Cardinal's address at Sandford St Martin Trust TV Awards
posted on 05 May 2004
'The more I thought about what I might say to you today, the more I became intrigued by the curious possibility that programme-makers and preachers, or evangelisers, face a similar challenge.
How do you, and how do we, speak simultaneously to the prevailing scepticism of our time, and to the sincerely held beliefs of men and women of faith? How do we speak, or help others to speak authentically of religious truth when our audience may be predisposed, consciously or merely subconsciously to resist, to refute or simply to ignore those truths?
How do you make programmes which people will want to watch, as opposed to the alternative on the other channel, without betraying the subject you are treating? How do preachers attract people back to God without watering down the faith?
So it is with sincerity that I begin by congratulating you on your achievements and by recognising, with a mixture of gratitude and admiration, your courage. I may be wrong, but I cannot help thinking that making another game show would be a much easier option. However, I cannot also help thinking that it would be much less intellectually and spiritually rewarding and, dare I say it, less obviously in the public interest. So thank you for your perseverance, your imagination and your continuing faith in what you do.
One of the trials of church leadership is to be exposed from time to time to the full glare of the media spotlight. It is only human to feel a little ambivalent about that privilege. I have invariably found that however harsh the spotlight, the people behind are people of integrity who are a delight to meet, especially when the microphone is finally turned off! If that is true of news, it is doubly true of programmes.
Another thing I have invariably found to be true as a priest and a pastor, which seems to be reflected in the programmes you are making, including some which have won awards today, is this: behind and beneath every faith story is a human story which, if re-told faithfully and with sympathy, illuminates best the truths that lie within. Not wishing to be unduly prescriptive, I do wonder whether the best religious programmes do not conform to the same general rule as the best sermons: a true story illustrates the profoundest truths and the deepest human experiences better than philosophical or theological discourse. Which is not of course to dismiss either of these. They too have their place.
A couple of examples spring to mind. One is a story told by Archbishop Robert Runcie. For me it is a beautiful illustration of the true meaning of the Eucharist - a theological question which split Christendom in the 16th Century and over which wars have been fought. Archbishop Runcie was celebrating the Eucharist in Canterbury Cathedral. There was a man called Robert from one of L'Arche communities of Jean Vanier (which featured recently on Songs of Praise) who, like Archbishop Runcie, came from Liverpool. Archbishop Runcie describes him as somebody who might have been dismissed by a casual observer as awkward and inarticulate. He joined the line of those coming up for Communion or for a simple blessing. Robert seemed uncertain which he was asking for. Finally, he took the host, looked at it, broke it in two and handed half of it back to the Archbishop. This was proof, surely, of the extraordinary spiritual gifts of people with learning difficulties - expressing, as Lord Runcie, put it 'the truth that we are spiritually nourished not by the owning, but by the sharing of Christ's gift'.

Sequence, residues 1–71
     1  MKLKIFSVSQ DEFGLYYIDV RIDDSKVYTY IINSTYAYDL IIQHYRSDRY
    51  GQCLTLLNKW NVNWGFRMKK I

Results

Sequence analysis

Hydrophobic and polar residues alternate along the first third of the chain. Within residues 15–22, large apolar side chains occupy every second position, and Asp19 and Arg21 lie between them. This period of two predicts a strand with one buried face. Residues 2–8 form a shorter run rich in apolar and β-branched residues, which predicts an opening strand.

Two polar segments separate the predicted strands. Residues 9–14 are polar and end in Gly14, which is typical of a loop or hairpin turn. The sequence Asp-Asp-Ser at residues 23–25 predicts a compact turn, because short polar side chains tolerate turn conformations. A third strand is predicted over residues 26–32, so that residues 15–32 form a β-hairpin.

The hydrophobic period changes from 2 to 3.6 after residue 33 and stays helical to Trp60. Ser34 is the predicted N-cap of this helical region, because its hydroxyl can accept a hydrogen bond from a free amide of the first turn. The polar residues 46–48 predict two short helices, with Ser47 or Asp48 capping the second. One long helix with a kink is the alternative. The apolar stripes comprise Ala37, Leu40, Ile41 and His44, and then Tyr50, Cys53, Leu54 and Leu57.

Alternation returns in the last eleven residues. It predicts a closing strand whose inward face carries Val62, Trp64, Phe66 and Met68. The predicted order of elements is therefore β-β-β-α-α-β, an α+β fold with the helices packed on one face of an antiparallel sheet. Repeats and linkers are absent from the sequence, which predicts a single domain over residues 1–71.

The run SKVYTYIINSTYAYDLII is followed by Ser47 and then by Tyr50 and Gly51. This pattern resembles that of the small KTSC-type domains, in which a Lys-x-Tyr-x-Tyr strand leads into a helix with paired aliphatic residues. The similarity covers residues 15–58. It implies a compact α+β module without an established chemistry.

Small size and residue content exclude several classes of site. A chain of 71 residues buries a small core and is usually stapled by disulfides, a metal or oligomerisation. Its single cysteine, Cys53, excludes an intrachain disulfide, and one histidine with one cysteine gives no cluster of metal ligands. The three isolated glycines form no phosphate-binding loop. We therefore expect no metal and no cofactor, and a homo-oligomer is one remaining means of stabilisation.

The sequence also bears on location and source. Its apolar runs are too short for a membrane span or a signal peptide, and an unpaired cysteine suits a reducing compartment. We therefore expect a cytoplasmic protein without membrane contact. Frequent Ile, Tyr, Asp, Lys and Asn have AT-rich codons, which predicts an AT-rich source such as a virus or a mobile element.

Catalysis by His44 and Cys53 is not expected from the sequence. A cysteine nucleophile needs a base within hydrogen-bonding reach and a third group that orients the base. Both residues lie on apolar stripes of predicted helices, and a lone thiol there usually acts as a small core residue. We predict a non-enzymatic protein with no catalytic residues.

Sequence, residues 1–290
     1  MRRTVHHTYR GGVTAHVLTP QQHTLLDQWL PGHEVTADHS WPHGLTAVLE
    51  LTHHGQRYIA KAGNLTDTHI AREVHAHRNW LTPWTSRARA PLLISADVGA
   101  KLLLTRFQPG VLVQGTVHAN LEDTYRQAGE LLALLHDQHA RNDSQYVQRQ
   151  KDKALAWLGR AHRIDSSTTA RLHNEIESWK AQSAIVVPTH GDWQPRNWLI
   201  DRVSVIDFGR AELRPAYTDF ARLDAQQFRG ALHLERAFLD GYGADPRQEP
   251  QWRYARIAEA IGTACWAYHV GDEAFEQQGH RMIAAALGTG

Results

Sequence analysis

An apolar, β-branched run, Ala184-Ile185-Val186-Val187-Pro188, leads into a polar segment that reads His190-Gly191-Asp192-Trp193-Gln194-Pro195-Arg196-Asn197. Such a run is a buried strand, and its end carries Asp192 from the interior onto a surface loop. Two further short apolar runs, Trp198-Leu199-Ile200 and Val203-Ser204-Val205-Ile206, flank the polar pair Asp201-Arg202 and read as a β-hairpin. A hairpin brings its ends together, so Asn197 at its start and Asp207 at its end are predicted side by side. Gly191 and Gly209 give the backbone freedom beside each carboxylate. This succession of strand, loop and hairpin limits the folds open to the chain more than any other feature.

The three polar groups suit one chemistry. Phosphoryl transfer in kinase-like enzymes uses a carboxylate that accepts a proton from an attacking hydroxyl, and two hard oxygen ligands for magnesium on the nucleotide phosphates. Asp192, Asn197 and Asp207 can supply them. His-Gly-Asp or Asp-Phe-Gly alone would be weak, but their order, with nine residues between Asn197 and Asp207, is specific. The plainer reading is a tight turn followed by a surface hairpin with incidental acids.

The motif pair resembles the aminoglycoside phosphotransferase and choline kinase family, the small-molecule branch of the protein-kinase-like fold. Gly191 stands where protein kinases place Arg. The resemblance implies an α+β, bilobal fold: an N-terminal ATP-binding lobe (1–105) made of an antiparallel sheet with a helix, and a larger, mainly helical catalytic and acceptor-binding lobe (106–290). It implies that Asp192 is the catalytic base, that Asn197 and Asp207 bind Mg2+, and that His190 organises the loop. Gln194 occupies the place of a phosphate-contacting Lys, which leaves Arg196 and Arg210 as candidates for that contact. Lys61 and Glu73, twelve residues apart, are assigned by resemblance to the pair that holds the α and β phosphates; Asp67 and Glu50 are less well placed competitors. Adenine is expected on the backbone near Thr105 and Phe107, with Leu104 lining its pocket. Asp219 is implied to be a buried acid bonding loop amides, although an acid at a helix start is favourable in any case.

A second, broader example, part of which is captured in Channel 4's documentary on the process of canonisation, is Malcolm Muggeridge's documentary about the life and work of Mother Teresa as well as his book-about-the-programme: 'Something beautiful for God'. Somehow the images in that book, and in the film - the photographs as much as the text - perfectly illustrate not only the daily working out of the vocation of the Missionaries of Charity, but also the work of the Spirit of God which inspires the whole of that work from the start to the end of the day. As we saws earlier film shot by the BBC in dark and unworkable conditions appeared, to use Malcolm Muggeridge's own words, to be suffused with an extraordinary and inexplicable 'divine light'. Sometimes words are just not enough.
Profound truth conveys itself as much through emotional as through intellectual responses - something we find at times hard to accept. It is not enough simply to ask why something happens, or why something is sincerely believed. We have also to ask the 'how' questions: How did it happen? How did you feel? How would you describe your experience? To approach the 'how' of belief, or for that matter unbelief, we must be open to the emotions, and to lived experience.
This is where perhaps programme-makers have the edge on preachers. The responsible use of images to convey lived experience, in support of a narrative, can make your story-telling even more telling than ours. I think of Brian Sewell telling his story, with words and with pictures on the road to Compostella - a latter day Geoffrey Chaucer, with camera crew in tow. It remains to be seen whether recognition of Brian's achievement by the Sandford St. Martin's Trust will be enough to ensure that in 600 years' time people will be enjoying him as much as we continue to enjoy Chaucer today.
So please keep telling your stories with imagination and sensitivity.
My final word is a word of thanks to the Trust, and to all present, for your great dedication and contribution to quality religious programmes which I believe we need more today than ever.'